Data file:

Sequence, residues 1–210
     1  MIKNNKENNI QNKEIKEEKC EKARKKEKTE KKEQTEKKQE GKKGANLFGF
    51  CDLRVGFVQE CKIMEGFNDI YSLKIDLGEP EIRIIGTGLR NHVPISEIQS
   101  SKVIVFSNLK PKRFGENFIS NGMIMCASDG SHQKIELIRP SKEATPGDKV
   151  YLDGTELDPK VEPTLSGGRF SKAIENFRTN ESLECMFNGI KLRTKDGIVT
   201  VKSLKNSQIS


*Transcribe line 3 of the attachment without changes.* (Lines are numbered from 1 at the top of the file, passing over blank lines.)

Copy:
    51  CDLRVGFVQE CKIMEGFNDI YSLKIDLGEP EIRIIGTGLR NHVPISEIQS